Does the World Hate Newspapers?

May 29, 2010 at 8:07 pm Leave a comment

The elimination of newspapers could be a boon for planet Earth. Here’s why:

Logs passing through Vancouver, August 2006.

It takes the equivalent of twelve mature trees to produce one ton of newsprint. Even when newsprint is made from recycled paper, it’s taking away resources that could go toward other paper enterprises. We also need to take into account the amount of carbon emissions generated in the processes of turning wood or used paper into newsprint, powering presses to print the news, and delivering the finished product to homes and commercial outlets. The internal and external costs are significant, even compared with the energy used to power Internet servers and personal computers.

Alas, most people writing about the impact of newspapers are media stakeholders who have a vested interest in presenting data that reflects favorably on their medium, whether it be print or the web.

But I’m not going to do that. As much as it pains me, I have to admit that newspapers today are not nearly as environmentally destructive as they were during most of the 20th century. More than 75 percent of old newspapers in the U.S. are recycled into cardboard packaging, tissue, construction paper and, of course, newsprint.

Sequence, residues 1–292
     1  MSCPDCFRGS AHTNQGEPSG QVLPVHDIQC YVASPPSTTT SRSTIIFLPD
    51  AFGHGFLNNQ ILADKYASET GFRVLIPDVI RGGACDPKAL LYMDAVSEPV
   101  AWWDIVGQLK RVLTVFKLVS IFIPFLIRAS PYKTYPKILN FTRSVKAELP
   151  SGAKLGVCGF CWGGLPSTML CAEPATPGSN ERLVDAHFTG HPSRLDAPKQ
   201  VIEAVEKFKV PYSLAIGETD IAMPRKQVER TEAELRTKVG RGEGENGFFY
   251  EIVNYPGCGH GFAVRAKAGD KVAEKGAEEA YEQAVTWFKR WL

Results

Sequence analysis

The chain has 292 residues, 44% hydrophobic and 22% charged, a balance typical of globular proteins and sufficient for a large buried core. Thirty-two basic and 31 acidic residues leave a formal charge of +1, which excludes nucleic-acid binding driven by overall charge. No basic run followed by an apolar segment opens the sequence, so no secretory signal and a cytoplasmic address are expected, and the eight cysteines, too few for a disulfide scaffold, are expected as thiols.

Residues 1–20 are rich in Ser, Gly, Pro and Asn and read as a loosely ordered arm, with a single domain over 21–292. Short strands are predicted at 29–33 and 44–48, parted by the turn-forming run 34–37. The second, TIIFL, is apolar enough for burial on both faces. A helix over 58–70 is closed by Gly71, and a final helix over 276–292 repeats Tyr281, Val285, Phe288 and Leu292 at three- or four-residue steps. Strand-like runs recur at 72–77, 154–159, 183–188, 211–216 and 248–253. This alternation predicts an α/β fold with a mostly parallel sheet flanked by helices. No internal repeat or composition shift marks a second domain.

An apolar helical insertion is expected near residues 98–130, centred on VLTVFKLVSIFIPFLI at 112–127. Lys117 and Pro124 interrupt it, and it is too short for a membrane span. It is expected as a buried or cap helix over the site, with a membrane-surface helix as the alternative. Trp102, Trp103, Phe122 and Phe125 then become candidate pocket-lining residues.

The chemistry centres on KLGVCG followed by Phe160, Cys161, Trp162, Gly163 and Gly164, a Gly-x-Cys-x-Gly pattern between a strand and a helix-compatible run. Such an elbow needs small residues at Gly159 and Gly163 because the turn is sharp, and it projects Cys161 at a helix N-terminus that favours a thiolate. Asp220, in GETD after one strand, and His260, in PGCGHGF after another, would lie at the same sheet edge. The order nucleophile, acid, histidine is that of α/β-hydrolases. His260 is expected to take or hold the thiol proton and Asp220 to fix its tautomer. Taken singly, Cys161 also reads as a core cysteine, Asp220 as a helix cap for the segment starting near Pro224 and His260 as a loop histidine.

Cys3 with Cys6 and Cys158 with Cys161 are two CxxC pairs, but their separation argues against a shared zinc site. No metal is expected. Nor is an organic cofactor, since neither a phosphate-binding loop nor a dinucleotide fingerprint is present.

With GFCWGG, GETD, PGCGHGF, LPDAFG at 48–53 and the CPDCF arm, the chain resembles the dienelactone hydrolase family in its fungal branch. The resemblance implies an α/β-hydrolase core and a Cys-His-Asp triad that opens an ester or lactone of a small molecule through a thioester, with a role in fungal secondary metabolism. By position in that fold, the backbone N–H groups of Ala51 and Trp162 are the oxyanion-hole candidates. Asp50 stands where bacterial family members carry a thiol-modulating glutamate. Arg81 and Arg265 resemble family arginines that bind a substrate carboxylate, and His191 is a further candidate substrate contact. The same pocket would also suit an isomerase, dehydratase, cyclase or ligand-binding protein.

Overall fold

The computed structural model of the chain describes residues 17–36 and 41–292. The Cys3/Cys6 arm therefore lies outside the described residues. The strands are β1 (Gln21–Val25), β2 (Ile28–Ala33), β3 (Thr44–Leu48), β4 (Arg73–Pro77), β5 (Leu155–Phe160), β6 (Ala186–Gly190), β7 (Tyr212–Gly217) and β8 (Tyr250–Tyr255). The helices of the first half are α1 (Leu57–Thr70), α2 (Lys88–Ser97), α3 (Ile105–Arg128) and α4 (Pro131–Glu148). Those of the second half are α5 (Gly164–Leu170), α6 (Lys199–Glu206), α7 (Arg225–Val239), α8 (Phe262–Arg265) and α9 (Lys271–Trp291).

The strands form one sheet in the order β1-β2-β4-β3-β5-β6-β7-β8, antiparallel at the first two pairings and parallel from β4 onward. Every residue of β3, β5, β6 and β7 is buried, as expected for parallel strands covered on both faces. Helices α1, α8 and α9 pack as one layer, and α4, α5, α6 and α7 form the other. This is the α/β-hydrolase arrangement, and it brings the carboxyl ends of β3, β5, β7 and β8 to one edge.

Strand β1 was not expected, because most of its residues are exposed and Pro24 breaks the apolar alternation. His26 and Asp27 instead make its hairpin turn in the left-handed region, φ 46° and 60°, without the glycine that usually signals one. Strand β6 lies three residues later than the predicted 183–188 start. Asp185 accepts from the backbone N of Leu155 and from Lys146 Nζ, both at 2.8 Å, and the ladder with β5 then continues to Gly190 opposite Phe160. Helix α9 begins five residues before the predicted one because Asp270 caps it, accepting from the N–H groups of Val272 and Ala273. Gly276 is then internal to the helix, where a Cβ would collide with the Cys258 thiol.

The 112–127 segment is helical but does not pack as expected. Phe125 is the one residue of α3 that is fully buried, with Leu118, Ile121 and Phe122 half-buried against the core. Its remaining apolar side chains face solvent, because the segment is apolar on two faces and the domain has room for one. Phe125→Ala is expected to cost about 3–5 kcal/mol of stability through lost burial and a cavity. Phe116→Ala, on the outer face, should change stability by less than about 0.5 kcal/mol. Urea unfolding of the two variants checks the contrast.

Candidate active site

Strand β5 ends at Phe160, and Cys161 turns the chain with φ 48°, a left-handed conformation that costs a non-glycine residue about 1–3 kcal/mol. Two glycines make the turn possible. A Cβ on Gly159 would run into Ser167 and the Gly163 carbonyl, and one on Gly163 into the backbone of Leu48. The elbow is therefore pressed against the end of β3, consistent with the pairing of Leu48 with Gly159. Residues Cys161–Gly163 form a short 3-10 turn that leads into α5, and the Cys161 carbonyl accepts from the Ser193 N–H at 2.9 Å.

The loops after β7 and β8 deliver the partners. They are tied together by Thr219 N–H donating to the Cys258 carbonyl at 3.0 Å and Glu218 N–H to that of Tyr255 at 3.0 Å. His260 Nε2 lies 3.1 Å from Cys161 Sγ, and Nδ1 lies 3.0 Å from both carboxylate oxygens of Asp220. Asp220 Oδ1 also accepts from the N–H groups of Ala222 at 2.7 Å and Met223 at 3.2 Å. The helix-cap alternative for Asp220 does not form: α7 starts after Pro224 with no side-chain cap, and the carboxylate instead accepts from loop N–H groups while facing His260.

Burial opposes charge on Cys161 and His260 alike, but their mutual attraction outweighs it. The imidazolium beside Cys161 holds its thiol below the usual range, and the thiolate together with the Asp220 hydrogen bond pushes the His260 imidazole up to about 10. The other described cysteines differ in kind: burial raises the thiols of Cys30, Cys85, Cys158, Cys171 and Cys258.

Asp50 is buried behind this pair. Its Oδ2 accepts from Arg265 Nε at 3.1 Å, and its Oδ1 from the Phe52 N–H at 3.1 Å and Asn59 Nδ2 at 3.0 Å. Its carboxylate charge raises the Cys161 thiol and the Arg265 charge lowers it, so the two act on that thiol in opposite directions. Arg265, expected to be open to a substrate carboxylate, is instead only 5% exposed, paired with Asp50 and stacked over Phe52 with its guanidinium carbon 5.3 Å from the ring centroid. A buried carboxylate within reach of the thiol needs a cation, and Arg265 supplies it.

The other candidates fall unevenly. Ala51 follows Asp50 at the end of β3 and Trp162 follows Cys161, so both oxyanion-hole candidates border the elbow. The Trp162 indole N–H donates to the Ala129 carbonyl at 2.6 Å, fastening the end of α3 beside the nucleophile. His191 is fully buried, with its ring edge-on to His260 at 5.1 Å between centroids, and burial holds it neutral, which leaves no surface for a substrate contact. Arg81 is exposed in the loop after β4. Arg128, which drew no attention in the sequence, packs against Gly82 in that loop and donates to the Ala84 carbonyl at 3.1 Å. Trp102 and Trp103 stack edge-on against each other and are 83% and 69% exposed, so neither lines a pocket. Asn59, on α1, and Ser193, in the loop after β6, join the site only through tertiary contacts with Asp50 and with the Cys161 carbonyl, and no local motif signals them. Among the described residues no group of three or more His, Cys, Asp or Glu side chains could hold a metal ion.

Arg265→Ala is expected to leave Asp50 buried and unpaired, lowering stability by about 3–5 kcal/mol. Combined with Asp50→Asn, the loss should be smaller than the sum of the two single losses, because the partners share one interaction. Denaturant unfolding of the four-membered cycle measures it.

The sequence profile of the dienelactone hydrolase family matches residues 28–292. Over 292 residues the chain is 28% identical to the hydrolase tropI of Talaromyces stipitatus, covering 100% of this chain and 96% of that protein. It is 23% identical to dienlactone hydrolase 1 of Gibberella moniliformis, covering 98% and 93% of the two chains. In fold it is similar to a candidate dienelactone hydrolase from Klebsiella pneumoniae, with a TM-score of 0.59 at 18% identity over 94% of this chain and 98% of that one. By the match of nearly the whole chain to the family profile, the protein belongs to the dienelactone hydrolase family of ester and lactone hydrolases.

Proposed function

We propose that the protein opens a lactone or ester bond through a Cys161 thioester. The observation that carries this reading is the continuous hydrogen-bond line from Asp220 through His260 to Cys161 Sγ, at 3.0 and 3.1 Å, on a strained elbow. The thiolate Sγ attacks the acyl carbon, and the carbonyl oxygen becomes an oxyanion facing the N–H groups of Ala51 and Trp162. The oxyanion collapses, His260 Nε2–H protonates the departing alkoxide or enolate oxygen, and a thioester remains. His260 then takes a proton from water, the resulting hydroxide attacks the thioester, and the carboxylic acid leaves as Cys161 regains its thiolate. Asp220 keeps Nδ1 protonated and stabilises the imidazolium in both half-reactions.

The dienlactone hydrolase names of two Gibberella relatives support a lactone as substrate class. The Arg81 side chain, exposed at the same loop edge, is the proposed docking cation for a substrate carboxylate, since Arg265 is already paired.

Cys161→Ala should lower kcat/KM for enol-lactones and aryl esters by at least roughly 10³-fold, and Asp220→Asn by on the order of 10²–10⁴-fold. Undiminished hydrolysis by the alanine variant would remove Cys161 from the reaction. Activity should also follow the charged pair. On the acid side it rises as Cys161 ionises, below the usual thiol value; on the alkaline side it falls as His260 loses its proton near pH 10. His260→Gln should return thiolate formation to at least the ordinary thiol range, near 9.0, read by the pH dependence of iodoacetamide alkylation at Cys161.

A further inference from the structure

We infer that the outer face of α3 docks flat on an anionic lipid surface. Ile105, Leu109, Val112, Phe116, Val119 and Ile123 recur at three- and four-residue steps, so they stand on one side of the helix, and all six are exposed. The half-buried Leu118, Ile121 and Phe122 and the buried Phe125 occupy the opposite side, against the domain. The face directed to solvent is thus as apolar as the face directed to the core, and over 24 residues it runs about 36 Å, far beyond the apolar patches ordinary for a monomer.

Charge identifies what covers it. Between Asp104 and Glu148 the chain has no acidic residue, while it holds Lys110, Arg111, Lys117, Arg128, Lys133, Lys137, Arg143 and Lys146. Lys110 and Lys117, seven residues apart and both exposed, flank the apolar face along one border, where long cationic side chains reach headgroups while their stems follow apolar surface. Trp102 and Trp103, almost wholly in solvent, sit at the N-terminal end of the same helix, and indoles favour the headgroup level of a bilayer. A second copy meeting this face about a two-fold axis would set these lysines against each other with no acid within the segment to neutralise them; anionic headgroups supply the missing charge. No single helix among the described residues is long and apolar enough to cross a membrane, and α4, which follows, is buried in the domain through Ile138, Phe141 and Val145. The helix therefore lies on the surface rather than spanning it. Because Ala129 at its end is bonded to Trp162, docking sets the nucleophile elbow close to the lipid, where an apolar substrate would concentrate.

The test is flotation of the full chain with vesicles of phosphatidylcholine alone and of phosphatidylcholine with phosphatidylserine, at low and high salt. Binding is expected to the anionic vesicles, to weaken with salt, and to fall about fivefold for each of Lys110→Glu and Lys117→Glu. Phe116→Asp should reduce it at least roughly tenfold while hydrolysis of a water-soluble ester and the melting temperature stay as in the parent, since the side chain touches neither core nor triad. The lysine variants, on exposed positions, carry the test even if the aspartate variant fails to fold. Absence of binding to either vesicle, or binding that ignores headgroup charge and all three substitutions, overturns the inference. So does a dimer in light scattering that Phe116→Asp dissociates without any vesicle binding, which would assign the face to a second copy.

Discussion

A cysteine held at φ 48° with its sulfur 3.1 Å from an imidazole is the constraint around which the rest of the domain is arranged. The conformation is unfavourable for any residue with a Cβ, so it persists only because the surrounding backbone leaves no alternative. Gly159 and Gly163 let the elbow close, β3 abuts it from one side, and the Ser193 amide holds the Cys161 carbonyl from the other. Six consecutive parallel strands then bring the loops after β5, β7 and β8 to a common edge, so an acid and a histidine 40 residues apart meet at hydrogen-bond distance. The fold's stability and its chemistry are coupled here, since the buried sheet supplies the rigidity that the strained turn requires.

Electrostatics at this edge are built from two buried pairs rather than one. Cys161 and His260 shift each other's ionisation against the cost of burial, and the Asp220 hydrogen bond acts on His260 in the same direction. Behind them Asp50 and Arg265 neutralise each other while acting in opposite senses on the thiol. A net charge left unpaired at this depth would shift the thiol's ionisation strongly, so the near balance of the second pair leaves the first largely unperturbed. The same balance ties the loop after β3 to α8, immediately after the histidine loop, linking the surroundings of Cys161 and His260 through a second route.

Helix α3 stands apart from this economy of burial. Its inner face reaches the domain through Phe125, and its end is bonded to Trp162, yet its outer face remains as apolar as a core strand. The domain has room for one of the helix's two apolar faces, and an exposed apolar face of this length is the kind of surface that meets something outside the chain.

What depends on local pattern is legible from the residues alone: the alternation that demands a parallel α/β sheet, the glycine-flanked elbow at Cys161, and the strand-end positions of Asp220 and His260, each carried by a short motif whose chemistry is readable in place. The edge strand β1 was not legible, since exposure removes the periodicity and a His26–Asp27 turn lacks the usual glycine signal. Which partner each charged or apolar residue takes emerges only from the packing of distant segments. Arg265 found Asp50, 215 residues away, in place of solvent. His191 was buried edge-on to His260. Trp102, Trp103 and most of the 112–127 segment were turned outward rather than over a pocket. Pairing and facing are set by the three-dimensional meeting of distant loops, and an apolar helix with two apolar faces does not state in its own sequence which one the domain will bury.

And while getting news online does reduce stress on the paper cycle, it still consumes electricity, which places the demand on the energy grid. So unfortunately, neither method of news dispersal can be considered environmentally benign.

Newspapers and the Environment

What’s the Greener Way to Get Your News?

The Print Media Are Doomed

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Entry filed under: Uncategorized.

To Be or Not To Be Already History

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